The mujahideen bore the burden of crushing the Red Army, the military complex of the United States had the honour of arming them with the latest inventions from the Pentagon’s macroscopic research and development sector. Afghanistan as a laboratory in which to test the effectiveness of weapons never tested before. Like the FIM-92 Stinger surface-to-air missiles to be used against Mil Mi-24 helicopters.
The war in Afghanistan, together with the Polish revolution led by Solidarity was the blade that bled dry the already moribund Soviet Union, accelerating its decline and inevitable implosion. An epoch-making victory, because it was the last chapter in the Cold War. A half-way victory for others, because of the nefarious blowback generated by the Frankenstein that was the jihadist international.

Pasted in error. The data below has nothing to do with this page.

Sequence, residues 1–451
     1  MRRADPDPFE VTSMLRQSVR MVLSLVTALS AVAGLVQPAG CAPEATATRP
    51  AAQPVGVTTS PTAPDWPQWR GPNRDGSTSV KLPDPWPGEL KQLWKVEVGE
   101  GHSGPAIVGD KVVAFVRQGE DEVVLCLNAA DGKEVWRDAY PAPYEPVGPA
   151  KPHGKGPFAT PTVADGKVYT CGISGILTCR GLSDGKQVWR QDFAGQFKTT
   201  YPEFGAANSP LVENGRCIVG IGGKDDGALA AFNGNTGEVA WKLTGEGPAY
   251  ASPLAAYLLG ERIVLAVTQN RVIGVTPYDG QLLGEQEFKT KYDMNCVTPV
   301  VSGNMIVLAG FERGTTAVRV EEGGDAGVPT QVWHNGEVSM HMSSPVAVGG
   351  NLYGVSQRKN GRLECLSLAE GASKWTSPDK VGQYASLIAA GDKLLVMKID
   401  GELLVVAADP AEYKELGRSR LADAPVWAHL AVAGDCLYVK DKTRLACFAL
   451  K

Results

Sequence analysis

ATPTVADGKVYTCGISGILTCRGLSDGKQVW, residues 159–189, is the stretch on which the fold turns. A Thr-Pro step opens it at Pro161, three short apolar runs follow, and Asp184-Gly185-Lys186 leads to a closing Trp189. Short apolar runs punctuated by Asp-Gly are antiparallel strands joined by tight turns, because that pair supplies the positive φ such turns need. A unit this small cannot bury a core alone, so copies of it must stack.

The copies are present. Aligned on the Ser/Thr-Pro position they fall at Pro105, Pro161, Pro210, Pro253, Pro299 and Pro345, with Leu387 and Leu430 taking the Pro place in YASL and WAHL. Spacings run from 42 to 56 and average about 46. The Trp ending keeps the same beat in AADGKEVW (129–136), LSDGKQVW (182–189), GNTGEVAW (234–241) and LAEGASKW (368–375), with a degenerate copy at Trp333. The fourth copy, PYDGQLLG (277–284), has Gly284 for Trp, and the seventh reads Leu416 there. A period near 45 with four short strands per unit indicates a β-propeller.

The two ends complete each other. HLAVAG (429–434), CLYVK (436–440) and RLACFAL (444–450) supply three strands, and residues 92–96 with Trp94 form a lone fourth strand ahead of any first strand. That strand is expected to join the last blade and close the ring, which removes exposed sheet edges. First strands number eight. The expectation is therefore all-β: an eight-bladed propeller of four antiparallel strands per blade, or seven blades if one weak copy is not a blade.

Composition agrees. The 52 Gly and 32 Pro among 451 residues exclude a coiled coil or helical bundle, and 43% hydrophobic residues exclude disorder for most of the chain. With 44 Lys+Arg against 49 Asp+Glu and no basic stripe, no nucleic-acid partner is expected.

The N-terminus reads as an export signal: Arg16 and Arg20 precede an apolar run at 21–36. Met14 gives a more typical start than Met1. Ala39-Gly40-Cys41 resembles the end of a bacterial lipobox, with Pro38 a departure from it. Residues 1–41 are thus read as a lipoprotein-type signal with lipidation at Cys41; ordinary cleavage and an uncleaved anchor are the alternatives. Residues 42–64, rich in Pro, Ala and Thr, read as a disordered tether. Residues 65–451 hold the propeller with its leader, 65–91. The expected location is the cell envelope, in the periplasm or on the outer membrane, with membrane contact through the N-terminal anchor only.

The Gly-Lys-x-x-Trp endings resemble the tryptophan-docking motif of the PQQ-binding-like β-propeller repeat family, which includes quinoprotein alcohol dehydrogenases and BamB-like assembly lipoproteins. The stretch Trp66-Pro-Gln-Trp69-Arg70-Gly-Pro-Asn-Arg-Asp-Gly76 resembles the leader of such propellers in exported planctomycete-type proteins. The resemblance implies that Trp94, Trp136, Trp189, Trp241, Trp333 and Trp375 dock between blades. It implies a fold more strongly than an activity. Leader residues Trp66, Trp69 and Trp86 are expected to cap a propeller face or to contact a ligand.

It is not easy to determine who is wrong and who is right, since history, (un)objective by definition, is a matter of perspectives. And, in fact, if it is true that to defeat the Soviet Empire the United States inadvertently created Al-Qaeda and Osama bin Laden, it is equally true that the international mujahideen would soon prove useful in Yugoslavia shattered in an anti-Serbian key. And as it is true that the Al-Qaedist threat, symbolized by 9/11, was then capitalised to remake the face of the Middle East in the name of the Project for a New American Century and prolong the Unipolar Moment. From its breast came the milk of contemporary Afghanistan: yesterday Syria, today Ukraine and tomorrow, probably, a periphery of Eurasia and/or the Indo-Pacific dear to China